With less than four months left for South Korean cryptocurrency exchanges to obtain business licenses, many are struggling to comply with new regulatory requirements, the Financial Times reports. South Korea is among the most active crypto markets globally, with recent reports claiming that many of the country’s workers in their 20s and 30s are quitting their jobs to become full-time crypto traders.
Crypto exchanges have to comply with new regulations by Sept. 24.
South Korean crypto exchanges are required to introduce real-name verification systems before September 24. South Korea’s regulators have been on high alert, implementing various measures to make sure crypto users and businesses play by the rules. According to the amendment to the Act on Reporting and Use of Specific Financial Information passed by the National Assembly in March 2020, cryptocurrency trading platforms will have to comply with the Financial Action Task Force’s (FATF) guidelines to combat money laundering terrorist financing. Crypto exchanges are also required to obtain approval from the Financial Services Commission (FSC) and the Korea Internet and Security Agency to operate in the country. The deadline is set for September 24.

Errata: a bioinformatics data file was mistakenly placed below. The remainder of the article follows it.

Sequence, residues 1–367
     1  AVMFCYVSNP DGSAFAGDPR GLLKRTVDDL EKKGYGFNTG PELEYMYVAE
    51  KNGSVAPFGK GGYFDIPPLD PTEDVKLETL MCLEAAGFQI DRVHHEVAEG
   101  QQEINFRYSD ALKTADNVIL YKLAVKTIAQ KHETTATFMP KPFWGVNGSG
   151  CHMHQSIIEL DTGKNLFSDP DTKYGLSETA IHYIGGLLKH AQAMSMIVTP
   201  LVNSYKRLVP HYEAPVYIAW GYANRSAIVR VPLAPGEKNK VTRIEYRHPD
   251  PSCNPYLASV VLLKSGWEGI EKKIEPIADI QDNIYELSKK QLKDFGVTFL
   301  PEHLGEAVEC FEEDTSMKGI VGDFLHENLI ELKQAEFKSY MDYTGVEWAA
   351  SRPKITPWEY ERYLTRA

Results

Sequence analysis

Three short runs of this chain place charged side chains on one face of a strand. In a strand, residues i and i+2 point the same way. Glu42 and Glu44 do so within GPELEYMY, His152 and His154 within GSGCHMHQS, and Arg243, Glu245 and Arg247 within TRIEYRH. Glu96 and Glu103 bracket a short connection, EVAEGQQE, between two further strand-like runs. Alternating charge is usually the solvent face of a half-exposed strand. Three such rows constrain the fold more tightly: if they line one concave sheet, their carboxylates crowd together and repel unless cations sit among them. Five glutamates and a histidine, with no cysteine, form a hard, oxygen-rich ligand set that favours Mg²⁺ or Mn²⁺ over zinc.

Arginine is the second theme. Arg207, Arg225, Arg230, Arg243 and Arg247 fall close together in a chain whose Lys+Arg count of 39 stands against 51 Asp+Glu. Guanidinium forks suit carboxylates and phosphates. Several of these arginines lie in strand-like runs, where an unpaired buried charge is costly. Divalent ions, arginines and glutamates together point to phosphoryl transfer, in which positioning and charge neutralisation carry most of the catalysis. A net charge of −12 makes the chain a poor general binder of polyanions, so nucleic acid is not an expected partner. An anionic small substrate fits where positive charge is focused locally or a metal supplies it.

New rules oblige exchanges to incorporate real-name verification systems.
Most importantly, the new rules require crypto exchanges and wallet operators to incorporate real-name verification systems, which requires partnerships with approved financial institutions. However, while Korea’s major exchanges, such as Upbit, Bithumb, Korbit, and Coinone, have reportedly secured the required banking partnerships and are preparing to register with the FSC, many smaller crypto exchanges and wallet operators face problems. South Korean banks are still reluctant to do business with cryptocurrency businesses.